I decided to switch gears this week at the last moment. I was going to write about travel and how it has made me a stronger teacher, but I think that is a story for another day. I’ve been thinking a lot about student voice this month particularly this week as I’ve watched Florida high school students and teachers all over the United States speaking out and taking action to make schools a safer place. I remembered a lesson from the same group of students I have been writing about this month, and it seemed fitting to round out the month with a story about student-directed reflection. Sometimes the best thing you can do is take a step back and watch what unfolds.
Teaching economic principles to third graders out of a textbook is yawn-inducing. Scarcity, trade, buying, selling, and all of the vocabulary associated with it could have been introduced in a variety of ways, but my teaching partner, Cheryl, and I wanted to take it a step further and experiment with introducing these concepts through inquiry focused on group dynamics and problem-solving strategies.
The task was set up like this: We were going to conduct the lesson, or experiment as we called it, at the same time in our own classrooms. Students would be divided into four groups. Each group would have a different material. One group had scissors, another paper, another would be allowed to go outside to gather as many natural materials as possible, and one final group would have nothing. The task was to build a structure. They could do it in any way that they wanted, but they were limited to the materials within the four groups. They were also given an allotted amount of time. This was due mainly because we wanted it wrapped up before lunch.
Ready, set go! There was a lot of talking within the small groups at first. I decided that I would take notes on the whole process so I would remember specifics (I really wish I still had that paper). I sat back, and I watched. And I wrote as much as I could. I didn’t intervene at all. No questions, no comments, no involvement on my part whatsoever. Cheryl soon walked into the classroom and suggested we switch rooms for a little while, so I went over to her classroom to observe. I was surprised to find that her class was approaching the task in a completely different manner than mine. My students had decided, almost immediately, that in order to be successful they would have to engage in some sort of bartering. They even used that word. They began trading materials. They soon found out that what they were able to trade wasn’t going to be enough to build a structure for each group, or at least the structures they had in mind. They decided to pool their resources and build one class structure. What I saw in the other room was four groups maintaining boundaries and defending their materials but still engaging in a lot of productive talk.
We switched back to our own rooms again smiling to each other because we knew we had a lot to discuss. Cheryl took video clips of both classes, and I had my written notes. We gave the kids a final warning and brought them all together shortly after. We wanted them to think about their role in the groups, what sort of problems they faced, and how they approached the problems. We showed them the video clips and asked them to tell us what they noticed. We did this with both of the classes together. They were as surprised as Cheryl and I had been between the differences in the two classes, and it provided opportunities for students to compare and contrast. I loved the debrief because we didn't focus on what they created, but we discussed the process and had them think about how they worked through the problems they faced throughout the experience.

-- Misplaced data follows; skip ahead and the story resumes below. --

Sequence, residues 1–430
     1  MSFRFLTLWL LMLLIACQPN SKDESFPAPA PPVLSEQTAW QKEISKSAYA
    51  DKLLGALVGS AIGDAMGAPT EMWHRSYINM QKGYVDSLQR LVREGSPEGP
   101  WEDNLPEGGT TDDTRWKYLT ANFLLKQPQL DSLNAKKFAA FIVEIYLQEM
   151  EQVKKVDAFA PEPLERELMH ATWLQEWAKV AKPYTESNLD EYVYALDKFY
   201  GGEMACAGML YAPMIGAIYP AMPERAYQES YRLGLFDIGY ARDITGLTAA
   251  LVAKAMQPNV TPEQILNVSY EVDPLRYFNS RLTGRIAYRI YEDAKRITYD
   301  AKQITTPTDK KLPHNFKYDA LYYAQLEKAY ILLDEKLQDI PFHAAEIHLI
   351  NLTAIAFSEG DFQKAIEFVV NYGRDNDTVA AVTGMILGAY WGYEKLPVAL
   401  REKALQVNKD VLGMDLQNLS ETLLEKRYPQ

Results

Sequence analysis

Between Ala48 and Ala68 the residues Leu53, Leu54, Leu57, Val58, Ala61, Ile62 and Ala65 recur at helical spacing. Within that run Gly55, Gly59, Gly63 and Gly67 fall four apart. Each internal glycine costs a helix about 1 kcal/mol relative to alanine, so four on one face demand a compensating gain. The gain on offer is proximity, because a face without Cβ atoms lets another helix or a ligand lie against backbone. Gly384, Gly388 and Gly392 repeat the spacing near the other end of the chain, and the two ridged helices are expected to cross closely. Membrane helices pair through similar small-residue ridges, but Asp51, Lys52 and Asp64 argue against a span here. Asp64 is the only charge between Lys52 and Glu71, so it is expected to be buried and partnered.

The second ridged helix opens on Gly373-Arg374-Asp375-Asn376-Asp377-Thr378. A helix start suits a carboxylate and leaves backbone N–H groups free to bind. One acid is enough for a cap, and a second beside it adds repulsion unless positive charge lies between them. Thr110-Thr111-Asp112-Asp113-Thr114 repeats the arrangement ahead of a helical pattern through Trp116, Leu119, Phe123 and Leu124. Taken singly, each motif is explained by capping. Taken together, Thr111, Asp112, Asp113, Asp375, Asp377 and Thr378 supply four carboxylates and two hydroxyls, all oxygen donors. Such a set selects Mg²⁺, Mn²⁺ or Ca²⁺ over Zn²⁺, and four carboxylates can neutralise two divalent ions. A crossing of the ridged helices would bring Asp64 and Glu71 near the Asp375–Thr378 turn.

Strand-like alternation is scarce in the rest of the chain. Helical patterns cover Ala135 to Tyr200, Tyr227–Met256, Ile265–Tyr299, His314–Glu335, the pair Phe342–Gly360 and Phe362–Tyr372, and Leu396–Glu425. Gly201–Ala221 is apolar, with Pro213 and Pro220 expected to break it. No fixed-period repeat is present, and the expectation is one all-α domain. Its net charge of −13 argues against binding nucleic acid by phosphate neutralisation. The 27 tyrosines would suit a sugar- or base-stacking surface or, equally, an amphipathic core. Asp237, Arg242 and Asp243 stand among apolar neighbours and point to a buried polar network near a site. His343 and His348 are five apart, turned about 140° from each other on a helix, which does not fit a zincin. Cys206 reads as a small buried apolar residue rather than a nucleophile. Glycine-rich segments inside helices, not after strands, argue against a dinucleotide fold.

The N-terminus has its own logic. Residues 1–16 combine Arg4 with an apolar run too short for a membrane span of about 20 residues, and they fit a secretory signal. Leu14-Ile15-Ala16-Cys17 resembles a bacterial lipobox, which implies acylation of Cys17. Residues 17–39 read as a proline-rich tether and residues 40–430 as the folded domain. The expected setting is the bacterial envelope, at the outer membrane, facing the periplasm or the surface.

After hearing from some of the students about their observations (they were pretty hard on themselves), we told them what we noticed about the classes. We talked about some of the language we heard and the positive strategies they demonstrated. By the end of the discussion, we had not only covered content including economics and social issues, but we had all participated in a lesson infused with practical problem solving followed up by a metacognitive reflection. And it was all done before lunch!
What I realized that day was that maybe there is something to this method. How much guidance do students really need? Will they arrive at certain conclusions and learn content if the learning experiences are structured in such a way that they are interacting with the material on a very real level? The activity itself was not where the learning took place. It was the debrief and reflection where they watched themselves interacting. It was asking key questions including: what was some of the vocabulary you used to be successful in this task? What were your strengths? What would you do differently?
In this situation, reflection was necessary for learning. If we had just done the activity, they wouldn’t have gotten anything out of it. They would have experienced trade and collaboration, but they wouldn’t have been able to articulate how their thinking changed throughout the process or how this experience related to other academic content or challenges in the classroom. Adding the layer of video added an exciting layer to the process. They were able to make connections to many areas of the curriculum, but more importantly, they learned a bit more about themselves as individuals and how they behave in a group. This insight led to even more collaboration and eagerness to reflect because they realized that reflection was not a chore but a practice that leads to understanding.
By Erin Dowd